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mbelanger
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Joined: Tue Jan 26, 2021 12:51 pm
Location: Bay Area, CA

CSS610-8G-2S+ First Run Experience. Hint: Not Good

Mon Feb 08, 2021 9:08 am

Preface:
This is an incendiary post. Perhaps too incendiary from a newcomer. I don't enjoy trashing a product and, by proxy, the dozens of people who worked on it, but I am angry and disappointed. I'd heard such great things about MikroTik and this switch was the exact product that I needed. There are literally no other options in this size and feature set at any price. So, despite reading about all the issues, I abandoned common sense and order a pair of them. What follows is an informal log of what I experienced from power-on. I tried to remain dispassionate until the end.

First Run:
The box finally arrived with my two new CSS610-8G-2S+ switches & pair of S+RJ10 transceiver units. I plugged in the first one and the blue power led came up fine.

Connected cat5e cable to port 1 and then MBP laptop. Link lights!

Tried connecting to 192.168.88.1 (per online user manual) and got a spinning browser. Tried 192.168.88.2 and saw the swOS screen. Made the mistake of trying to name the router, clicked on apply and lost connectivity. Held down the reset button and cycled the power. Tried 192.168.88.1 again, but still spins, so back to 192.168.88.2.

Installed 2.13rc12 quickly and lost connection, 192.168.88.2 is dead, but 192.168.88.1 works now. Go figure. Quickly add a password (no password by default? In 2021?) and it sticks.

Set to DCHP with fallback to the following and applied:

IP: 10.0.1.6
Identify: "TikSwitch-Test"

Relogin with new IP, see Identity set to "TikSwitch-" Ugh... First bug (or is that #2?).

Connect switch port #2 to network (NETGEAR switch behind pfSense router with switch MAC added to DHCP Server) and cycle power. Get IP on laptop, but can't reach switch. Doesn't respond at 10.0.1.6. Scan network and find a new device at 10.0.1.157 with the correct MAC address, so it didn't pick up DHCP. Double-check setting in pfSense, which is correct. Cycle power again and this time it responds to ping at .6. Then, suddenly it doesn't and 10.0.1.157 appears on my network again. Cycle power again and .6 is back. I quickly run cli-speediest and get back: 123.39 Mbit/s - 158.89 Mbit/s via my 1G fiber. Meh. Save Backup successfully and the UI is still working.

Plug in S+RJ10 module into SFP1 with no cable and UI shows revision 2.16. Move network cable from port 2 (network) to SFP1. Still responds to pings, but UI shows no data when switching between tabs and then fails to reload. Mac shows link lights, but can't ping switch or router. Power cycle again. And it's back...

Run cli-speediest again and get: 783.07 Mbit/s - 165.31 Mbit/s. That's more like it. Though, this is puzzling as the transceiver is connected to a 1G port on the other side still.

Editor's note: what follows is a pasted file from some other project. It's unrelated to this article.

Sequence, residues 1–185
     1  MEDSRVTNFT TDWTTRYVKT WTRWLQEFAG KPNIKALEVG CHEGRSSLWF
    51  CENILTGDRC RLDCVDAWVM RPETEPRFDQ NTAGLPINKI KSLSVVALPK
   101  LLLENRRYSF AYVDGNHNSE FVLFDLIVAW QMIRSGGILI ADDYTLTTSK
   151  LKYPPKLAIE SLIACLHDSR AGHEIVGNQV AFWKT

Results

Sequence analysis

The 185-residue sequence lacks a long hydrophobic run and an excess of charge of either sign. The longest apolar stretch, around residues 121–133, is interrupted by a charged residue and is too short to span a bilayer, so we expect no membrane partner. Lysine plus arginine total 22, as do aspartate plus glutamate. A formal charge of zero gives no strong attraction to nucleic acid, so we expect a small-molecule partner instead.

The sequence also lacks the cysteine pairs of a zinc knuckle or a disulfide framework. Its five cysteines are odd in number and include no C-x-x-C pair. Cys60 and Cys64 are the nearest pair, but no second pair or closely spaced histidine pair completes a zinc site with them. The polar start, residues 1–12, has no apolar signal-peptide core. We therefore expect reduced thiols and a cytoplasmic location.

Went to go get a drink, came back to find UI unresponsive and .157 back on the network. Going to give up on DHCP and set a static IP. Cycled power and UI is back on .6. DHCP client appears broken on this switch. Another bug, but manageable.

Switch still hasn't crashed after 15 minutes. Next going to try connecting a Sabrent USB to 2.5G Ethernet Adapter and see how the swOS likes the higher speed. Disconnect cable from SFP1 from wall jack, moved cable from computer to port 1 and connect to wall jack, then connected cable from SFP1 to Sabrent adapter. Happily, this time everything works. Connected at 2.5G with no crashes. (BTW, if anyone needs a quick 2.5G network adapter, the Sabrent is a really nice bit of kit. A solid aluminum block, good cable and thick USB A connector). That said, I'm disappointed to discover that MikroTik doesn't recommend running the S+RJ10 in adjacent SFP+ ports due to overheating and to instead space them, but since this switch only has a pair of said ports, I'm hosed.

The switch seems to regularly crash. Fortunately, it's coming back up and seems to remember the minor changes I've made. Too tired to battle with VLANs tonight. Perhaps tomorrow, but I am not optimistic.

Conclusions:
I finally figured out the rationale for the odd choice of putting the power plug on the front of the unit. You need easy access, because you're going to be pulling it a lot...

Jokes aside, this is probably the worst first run experience I've ever had with any piece of hardware in my 30+ years in tech. Mikrotik should be ashamed for releasing such a shoddy product to the market when even a trivial run through would made apparent fundamental stability flaws. Speaking of shame, it is a shame such a nice bit of hardware has been so thoroughly ruined by crappy software. This little box is an ideal compact unit. My former company would have bought dozens of these to provide designers and 3D artists faster access to asset storage, but I'm not going to suggest it because the total product is garbage in current form. The ultimate shame of it is, that this product and, at least to me, Mikrotik's reputation are forever tainted.


Sincerely,
MB

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